Includes documentation on WWII related projects that studied the effects of military service on Yale and Harvard men and the identification and suitability of homosexuals, psychoneurotics, and psychopaths in the military.
The papers consist of the diaries of Donald Crossley Vining for the years 1932-1958 and for 1971-1985, as well as typed transcripts from his diaries for 1926-1927. The diaries provide a detailed account of the life of an intellectual, homosexual man in the 1940s and 1950s. Vining, who spent most of his adult life in New York, took a great interest in the arts, and his diaries contain descriptions of operas and plays which he attended; outlines of his current writing projects and theater activities; and details of his daily life and personal relationships. Typescripts of several one and two act plays are included in the papers.
The collection might be of interest to someone writing about sexuality among the mid-20th-century bohemian New York left. Anna’s relationships with Jack London, William English Walling, and Leonard Abbott exemplify many of the contradictions inherent in the New York left’s ideal of “free love” (for one, the fact that free love tended to benefit men rather than women, who were still expected to raise children and adhere to accepted standards of female propriety, at least in public). See, especially, the Leonard Abbott folders: his letters (and some of hers) contain lengthy discussions about the nature of their relationship, especially in relation to the social benefits of marriage vs. free love.
The collection documents Harvey Fierstein as author, actor, and gay activist. The papers include scripts, professional correspondence, publicity materials, clippings, legal documents, scrapbooks, photographs, audio recordings, and videotapes.
The collection includes publications, flyers, newsletters and ephemera related primarily to the gay and lesbian liberation movements, but also includes documentation on bisexuality, transgender, trans-sexual and queer issues.
The collection contains assorted gay and lesbian comic publications from the 1970s to the 1990s dealing with issues such as coming out, depression, and gay and lesbian liberation. Some magazines appear to be self published.
The collection includes printed ephemera and publications from the 1940s to early 21 century documenting the development of lesbian, gay, bisexual, transgender, and queer communities in their own voices. Includes mass circulation and small press publications.
The collection includes assorted illustrated publications and ephemera, generally produced by the radical sex and leather communities, documenting the development of a wide array of sexual practices, costumes, and communities. The collection dates from the 1970s to the 1990s.
The collection includes illustrated publications and printed ephemera from the 1940s to the early 21st century that chronicle transgender communities, performance, and identities ranging from transvestism to transsexual surgery. The collection references a range of perspectives on transgenderism from within and without its communities.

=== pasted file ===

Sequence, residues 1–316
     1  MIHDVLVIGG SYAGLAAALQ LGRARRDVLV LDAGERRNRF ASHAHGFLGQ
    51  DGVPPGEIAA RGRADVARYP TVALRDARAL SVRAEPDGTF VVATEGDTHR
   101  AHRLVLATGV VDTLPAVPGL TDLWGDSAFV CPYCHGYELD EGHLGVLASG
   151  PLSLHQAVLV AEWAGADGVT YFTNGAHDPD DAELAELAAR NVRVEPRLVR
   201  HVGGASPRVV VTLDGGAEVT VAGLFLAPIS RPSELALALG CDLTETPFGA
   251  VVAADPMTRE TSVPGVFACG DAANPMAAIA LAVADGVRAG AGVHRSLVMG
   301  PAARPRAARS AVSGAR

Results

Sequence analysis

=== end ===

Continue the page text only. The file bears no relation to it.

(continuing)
The papers consist of correspondence, speeches, writings, and other papers (including research and teaching materials, photographs, memorabilia, newspaper and periodical clippings, books, and radio and television tapes) of Max Lerner, an American educator, author, lecturer, historian, and political scientist. The papers include documentation on his controversial writings on homosexuality. Correspondence from the 1950s documents Lerner's interest in national politics and homosexuality. Prominent correspondents include Alfred C. Kinsey in 1954, criticizing Lerner's interpretation of his work.
The papers, dating 1924 to the present, consist of personal materials, correspondence, clippings, subject and writing files, and audiovisual materials that document David Mixner’s life as a gay male, leader in the gay rights movement, author, and political consultant and advisor. [The papers are closed until January 1, 2031, unless researchers receive permission in writing to access them from the donor, the person holding power of attorney for the donor, or the executor of the estate of the donor.]
The New Haven and Connecticut Lesbian, Gay, Bisexual, and Transgender Collection includes publications and ephemera, dating from the 1980s to the present, related to LGBT people and culture in New Haven and Connecticut.
The papers are comprised of writings, collected ephemera, correspondence, book and article research materials, audiovisual materials, and photographs documenting the personal and professional lives of Christopher Phillips, who was active in the gay liberation movement beginning with the founding of the first Yale gay group in October 1969. He worked full time at the Gay Community Services Center in Los Angeles (1973-75), and lived with other Center gay activists in the Highland Park Collective. [Series XV, Diaries, is closed until January 1, 2060, unless researchers receive written permission to access the diaries from the donor or his executor.]
The Candida Scott Piel papers, dating from the 1950s to the present, document a socially active gay and lesbian culture centered in New York City. The papers include subject files, printed materials, writings, ephemera, and audiovisual materials. There is particularly substantive material on AIDS and AIDS treatments, gay clubs and "the circuit" culture, the Jewel Box Revue, and events organized by Piel, mainly as fundraisers for organizations such as the American Foundation for AIDS Research.
The digital images consist of Cherry Grove celebrities and royalty at various functions, including teas, beauty contests, and the annual Invasion of the Pines. The images are crafted using the digital equivalents of photography, stage makeup, and cosmetic surgery.